The Cooma Billiard Club started in 1903 with one table, erected in the reading room of the School of Arts. It assisted in 1904 in building the billiard room attached to that institution, and in March, 1905, acquired a second table. The growing popularity of the Club brought about an extension of the billiard room, and the acquisition of a third table in April, 1908. In November. 1913, the club moved with the School of Arts to a large, well-appointed building in Vale Street.

Four tables constantly in use yielded a good revenue, and at the present time the annual average income is £425.

E. J. Geogeghan has been in the service of the club as caretaker and marker since 26th September 1904.

Billiard championships are held annually, and the winners of these from their inception are:-

1906: J. J. Gaughan,                         1907;G. Levy, 
1908-'12-'13-'14-'16-'19; L. Shannon,  1909; J. C. Bottornley, 
1910; F. W. Harris,                           1911; J. A. Roddan, 
1915; T. W. McRae,                          1920-'22; H. H. Solomon,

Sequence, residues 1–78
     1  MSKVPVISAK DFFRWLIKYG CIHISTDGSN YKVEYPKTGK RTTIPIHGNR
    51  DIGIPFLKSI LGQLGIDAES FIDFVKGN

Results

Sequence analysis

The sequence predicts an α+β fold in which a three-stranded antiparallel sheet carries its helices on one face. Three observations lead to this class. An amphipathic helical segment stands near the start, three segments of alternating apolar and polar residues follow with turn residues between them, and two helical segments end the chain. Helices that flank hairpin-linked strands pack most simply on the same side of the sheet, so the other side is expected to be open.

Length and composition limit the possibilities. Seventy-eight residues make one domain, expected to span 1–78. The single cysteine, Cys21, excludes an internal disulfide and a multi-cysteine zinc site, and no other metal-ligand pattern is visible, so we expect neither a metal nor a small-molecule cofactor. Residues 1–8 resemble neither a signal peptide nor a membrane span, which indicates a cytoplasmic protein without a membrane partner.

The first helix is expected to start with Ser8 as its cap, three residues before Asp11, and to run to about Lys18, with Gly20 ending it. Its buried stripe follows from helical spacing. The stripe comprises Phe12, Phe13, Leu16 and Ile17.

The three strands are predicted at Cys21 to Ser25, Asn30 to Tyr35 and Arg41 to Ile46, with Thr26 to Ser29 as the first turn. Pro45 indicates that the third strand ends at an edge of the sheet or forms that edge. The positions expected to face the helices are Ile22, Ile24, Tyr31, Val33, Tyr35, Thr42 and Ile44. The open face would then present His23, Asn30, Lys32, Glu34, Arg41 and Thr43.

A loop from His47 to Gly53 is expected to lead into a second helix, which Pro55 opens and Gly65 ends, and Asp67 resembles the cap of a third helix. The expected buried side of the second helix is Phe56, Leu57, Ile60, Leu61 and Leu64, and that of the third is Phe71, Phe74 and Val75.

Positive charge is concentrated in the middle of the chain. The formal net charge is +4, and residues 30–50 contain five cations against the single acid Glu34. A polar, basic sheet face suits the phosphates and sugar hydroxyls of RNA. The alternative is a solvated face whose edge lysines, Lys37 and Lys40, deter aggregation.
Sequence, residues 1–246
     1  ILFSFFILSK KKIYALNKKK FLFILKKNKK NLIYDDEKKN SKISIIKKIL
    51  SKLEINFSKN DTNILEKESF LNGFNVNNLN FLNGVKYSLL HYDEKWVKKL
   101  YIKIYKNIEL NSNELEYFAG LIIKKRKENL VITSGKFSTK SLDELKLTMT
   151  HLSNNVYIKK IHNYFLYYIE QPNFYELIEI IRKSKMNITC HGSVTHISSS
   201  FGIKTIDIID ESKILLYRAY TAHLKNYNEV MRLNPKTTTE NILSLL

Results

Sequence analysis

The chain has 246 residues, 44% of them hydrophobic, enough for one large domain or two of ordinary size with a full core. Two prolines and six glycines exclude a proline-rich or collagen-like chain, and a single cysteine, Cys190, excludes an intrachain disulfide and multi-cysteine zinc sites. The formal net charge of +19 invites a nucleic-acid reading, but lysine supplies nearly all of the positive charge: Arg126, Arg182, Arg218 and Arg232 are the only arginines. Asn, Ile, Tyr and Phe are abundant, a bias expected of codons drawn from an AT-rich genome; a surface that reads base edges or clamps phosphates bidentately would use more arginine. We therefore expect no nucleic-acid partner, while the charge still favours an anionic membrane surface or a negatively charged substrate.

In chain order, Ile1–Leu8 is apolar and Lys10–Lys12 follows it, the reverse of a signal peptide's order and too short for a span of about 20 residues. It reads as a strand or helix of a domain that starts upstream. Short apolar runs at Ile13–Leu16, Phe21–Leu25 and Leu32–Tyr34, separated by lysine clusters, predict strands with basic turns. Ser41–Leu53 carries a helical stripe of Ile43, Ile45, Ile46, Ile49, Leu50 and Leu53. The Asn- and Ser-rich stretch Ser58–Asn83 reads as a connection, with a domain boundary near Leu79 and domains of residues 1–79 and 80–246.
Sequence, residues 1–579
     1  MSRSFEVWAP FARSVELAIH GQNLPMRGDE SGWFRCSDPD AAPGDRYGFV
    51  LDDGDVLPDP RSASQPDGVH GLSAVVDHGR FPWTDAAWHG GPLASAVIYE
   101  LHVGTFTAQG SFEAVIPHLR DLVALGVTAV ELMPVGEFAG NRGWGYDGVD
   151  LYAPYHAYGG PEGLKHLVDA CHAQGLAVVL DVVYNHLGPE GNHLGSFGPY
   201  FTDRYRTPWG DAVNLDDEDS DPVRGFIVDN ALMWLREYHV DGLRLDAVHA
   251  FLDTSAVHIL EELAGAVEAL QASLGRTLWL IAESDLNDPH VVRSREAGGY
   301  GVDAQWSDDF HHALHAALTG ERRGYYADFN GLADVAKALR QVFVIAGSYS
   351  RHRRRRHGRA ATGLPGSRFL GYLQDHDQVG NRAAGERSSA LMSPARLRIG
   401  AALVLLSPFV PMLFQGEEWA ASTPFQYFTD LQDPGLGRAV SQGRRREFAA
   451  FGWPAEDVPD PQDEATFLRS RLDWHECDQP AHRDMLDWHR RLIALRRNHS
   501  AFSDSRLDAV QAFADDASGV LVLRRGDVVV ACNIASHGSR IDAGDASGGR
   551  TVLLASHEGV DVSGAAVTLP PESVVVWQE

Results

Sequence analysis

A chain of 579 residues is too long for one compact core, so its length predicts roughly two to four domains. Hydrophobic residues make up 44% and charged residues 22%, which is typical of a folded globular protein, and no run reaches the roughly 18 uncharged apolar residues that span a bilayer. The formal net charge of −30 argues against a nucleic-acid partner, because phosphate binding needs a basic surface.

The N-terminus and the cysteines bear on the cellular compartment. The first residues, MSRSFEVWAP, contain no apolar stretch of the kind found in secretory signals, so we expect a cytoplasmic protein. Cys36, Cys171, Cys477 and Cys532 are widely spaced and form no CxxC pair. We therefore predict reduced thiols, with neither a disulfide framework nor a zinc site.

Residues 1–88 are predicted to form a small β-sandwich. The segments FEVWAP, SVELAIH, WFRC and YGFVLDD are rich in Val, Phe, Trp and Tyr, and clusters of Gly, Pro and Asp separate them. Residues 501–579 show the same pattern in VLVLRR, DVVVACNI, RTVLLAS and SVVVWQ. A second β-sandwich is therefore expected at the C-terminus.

1923-'25; D. Trevanion.

The Presidents of the Club since its inception have been 
G. W. Ord, 1903-1910-'11; 
J. A. Perkins, 1910-'11-1922-'24;
A. F. Rose, 1924-'25 still in office.

The Cooma Billiard Club is a very flourishing institution, and a decided asset to the town


Cricket was evidently played seriously on Manaro in the fifties, for in 1861, a record is extant of a match, played at Cooma, between Cooma and Kiandra, the latter proving victorious. Matches were hard to obtain, but in 1862 and the immediately following years, took place between Cooma, and Bombala and Delegate, as also Queanbeyan. Later, as population and settlement increased, clubs were formed, and facilities for match playing were greater. The game has retained its popularity, and in the present day clubs there are many enthusiasts.